Tackling climate change means purging political privilege
Science Matters | by David Suzuki
Our national political arena often seems dominated by unproductive partisan pot shots and misplaced accountability, with corporate interests prioritized over people’s.
Behind the noisy partisan sniping, a quiet majority — 70 to 75 per cent of Canadians — is largely disengaged from politics, according to McAllister Opinion Research. It’s not that people don’t care about climate change, affordability, equity and creating a healthier, more just and secure future for their children and grandchildren. Polls show they do — as do this month’s climate strikes and actions. They just don’t see politicians as relevant.
How can politicians earn back our trust and act on issues that matter?
With climate disruption, Simon Fraser University resource professor Mark Jaccard says we must distinguish between climate-sincere and climate-insincere politicians.
Three-quarters of Canadians say they’re worried about climate change. With floods, wildfires, heat waves and health threats like Lyme disease increasing, anxiety among Canadians is also rising.
Polls show that fairness also matters to Canadians. We want to support action that takes that into account. The Intergovernmental Panel on Climate Change warns that climate change will disproportionately affect the poor and most vulnerable — who have contributed least to the problem.
Technical and policy solutions to climate change are known. All that’s lacking is political will — not only to implement solutions but to address the power imbalances in our political system that obstruct them.
One of the most glaring examples of the privileged few wielding disproportionate influence comes from the U.S. With funding from the Koch brothers and their allies, Americans For Prosperity has worked to hobble progressive groups and ensure the corporate agenda is prioritized. This, according to the Guardian, has curtailed Medicaid expansion to poor, uninsured adults, rolled back state efforts to address climate change, and given massive tax cuts to wealthy people and companies.
Koch-related foundations have also invested millions in Canadian think tanks and organizations that sow doubt about climate science and effective climate solutions.
In his upcoming book Regime of Obstruction: How Corporate Power Blocks Energy Democracy, University of Victoria professor William Carroll shows how fossil fuel corporations and their allies have a long reach into civil and political society that allows them to undertake organized, well-funded campaigns to block necessary climate action.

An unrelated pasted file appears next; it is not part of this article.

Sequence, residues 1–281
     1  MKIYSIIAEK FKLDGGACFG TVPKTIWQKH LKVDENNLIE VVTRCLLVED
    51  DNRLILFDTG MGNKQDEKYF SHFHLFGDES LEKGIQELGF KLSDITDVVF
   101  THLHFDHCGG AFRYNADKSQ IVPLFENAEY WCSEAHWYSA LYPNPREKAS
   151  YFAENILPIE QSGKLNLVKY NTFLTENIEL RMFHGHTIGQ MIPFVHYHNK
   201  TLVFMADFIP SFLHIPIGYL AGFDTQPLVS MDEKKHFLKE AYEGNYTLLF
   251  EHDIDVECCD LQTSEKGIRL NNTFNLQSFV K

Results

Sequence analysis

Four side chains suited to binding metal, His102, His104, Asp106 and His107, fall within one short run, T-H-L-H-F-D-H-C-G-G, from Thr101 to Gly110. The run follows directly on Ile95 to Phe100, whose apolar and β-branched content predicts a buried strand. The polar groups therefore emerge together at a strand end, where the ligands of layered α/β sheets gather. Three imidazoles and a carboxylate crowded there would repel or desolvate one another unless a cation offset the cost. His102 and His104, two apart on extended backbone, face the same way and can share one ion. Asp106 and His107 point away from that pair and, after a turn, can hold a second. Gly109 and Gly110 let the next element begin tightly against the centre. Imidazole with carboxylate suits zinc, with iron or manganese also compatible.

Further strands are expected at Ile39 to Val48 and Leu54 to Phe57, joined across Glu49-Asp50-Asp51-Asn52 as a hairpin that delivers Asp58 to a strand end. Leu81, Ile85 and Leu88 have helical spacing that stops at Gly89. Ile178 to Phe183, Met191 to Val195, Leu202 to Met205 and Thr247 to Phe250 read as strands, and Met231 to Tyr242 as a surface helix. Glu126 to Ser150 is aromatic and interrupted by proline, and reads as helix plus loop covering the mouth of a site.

Our democratic systems need strengthening. Justice, equity and inclusion matter. Stifling these important values impedes our ability to act on societal challenges, like climate disruption. Unequal privilege keeps the door open to those with influence who continue to manufacture distrust of climate science and meaningful solutions.
Everyone must benefit from the jobs and economic diversification that are part of a transition to renewable energy and better use of that energy through development of green buildings, active and cleaner transportation, and better planning for livable, resilient communities.
We need to change our systems, but how do we go further and change ourselves? Perhaps by listening to people who understand the importance of justice, equity and inclusion, and the perils of letting these values slip away.
At SevenGen, a 2019 Indigenous youth–led conference on renewable energy, co-chair Cory Beaver said his generation is the first to escape the immediate impacts of residential schools. Despite years of colonization, many in his cohort have retained or rediscovered their cultural ways and deep relationships with the land. With more than 200 young people attending from regions throughout Canada, they showed that Indigenous youth are rising with purpose, guided by their values — something denied to generations before them.
I’m also encouraged by Greta Thunberg and Canadian youth who have built their climate strikes into an accelerating series of moments that older people can no longer ignore.
If we care about the climate, we must care about justice. That means heeding Indigenous youth and the elders who inspire them. It means listening to the climate strike and social justice youth leaders, helping them raise awareness and shifting the power structures that have advantaged the few over the many for far too long. It means reminding politicians who they are supposed to serve.
It’s time to expose the structures that hold disproportionate privilege in place, listen to rising new voices and act in solidarity with courage and humility.
Then we’ll be better able to care for one another and the planet, and chart a better course.
With contributions from Sherry Yano. Learn more at davidsuzuki.org.